Review: “Widows”

We live in an age where any movie can easily become a “blockbuster film” and earn millions, current examples being “Venom” and “Ralph Breaks the Internet.”

Although they’re definitely entertaining, they can overshadow the movies of directors like Steve McQueen, whose films are crafted to make the audience think. His newest film, “Widows,” does just that.

McQueen has an impressive filmography that consists of Academy-Award-winning/nominated films such as “12 Years a Slave” and “Shame.” It’s easy to believe “Widows” will also get an Oscar because of several factors that elevate it to being a great film.

“Widows” follows the story of four different women whose husbands are killed in an organized-crime-related shootout with police. They are then threatened by the men their husbands were against and are forced to fix the mess they started, finishing a final heist they were involved in.

The movie wastes absolutely no time with its fast pace, introducing the characters and giving their backstories within the first five minutes. Then we get to spend a lot of screen time with the four widows. The audience is not only able to sympathize with them, but we see them grow from scared vulnerable women to mercilessly powerful ass-kickers who recognize they have a job to get done (and get done quickly).

The stakes are high from the start due to the fact the four leads only have a limited amount of time to fix the mess their husbands started before their lives are in jeopardy, making for a thrilling experience.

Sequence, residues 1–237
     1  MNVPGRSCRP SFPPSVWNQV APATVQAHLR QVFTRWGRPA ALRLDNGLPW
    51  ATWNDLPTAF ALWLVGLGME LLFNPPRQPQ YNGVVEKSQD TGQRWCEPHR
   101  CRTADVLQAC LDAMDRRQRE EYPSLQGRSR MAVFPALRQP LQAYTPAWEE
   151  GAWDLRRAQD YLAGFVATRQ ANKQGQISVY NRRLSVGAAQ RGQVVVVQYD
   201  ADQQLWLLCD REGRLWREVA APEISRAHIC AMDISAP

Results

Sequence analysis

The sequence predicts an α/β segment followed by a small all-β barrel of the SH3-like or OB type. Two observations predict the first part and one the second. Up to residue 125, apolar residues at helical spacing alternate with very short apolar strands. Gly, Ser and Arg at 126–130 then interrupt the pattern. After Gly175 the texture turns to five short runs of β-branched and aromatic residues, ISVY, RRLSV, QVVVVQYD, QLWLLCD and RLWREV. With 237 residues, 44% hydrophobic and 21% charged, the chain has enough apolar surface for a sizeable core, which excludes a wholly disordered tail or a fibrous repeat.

Setting the plot aside, the movie is constructed in a stylized manner. McQueen is known for using fancy camera work and subtle storytelling in his films, and “Widows” is no exception. There are numerous close-up shots that exhibit character facial expressions. This is vital to the film, seeing as many films today suffer from an overabundance of exposition (dumbing down the plot through verbal dialogue). McQueen is a master when it comes to “show, don’t tell.”

Actor Daniel Kaluuya takes his acting abilities to the next level in this film. Because he was the main protagonist in the 2017 film “Get Out,” it’s easy to paint Kaluuya as a “good guy” in movies. However, in “Widows,” he plays a threatening hitman, shining a new light to the up-and-coming actor. He gives a sense of dread and fear in any scene he’s in, thus elevating the movie’s quality further.

The movie suffers from having too many characters, however. It often becomes convoluted, making the plot hard to follow. Many of the characters (such as Liam Neeson and Colin Farrell’s characters) are underdeveloped. With a runtime of more than 2 hours and 10 minutes, the film also drags on a bit long.

This being said, “Widows” is still another excellent piece of filmography, not just for McQueen, but lead actress Viola Davis as well. With many twists and turns, “Widows” is one film you don’t want to miss this year.

 

camkc2@mail.umkc.edu

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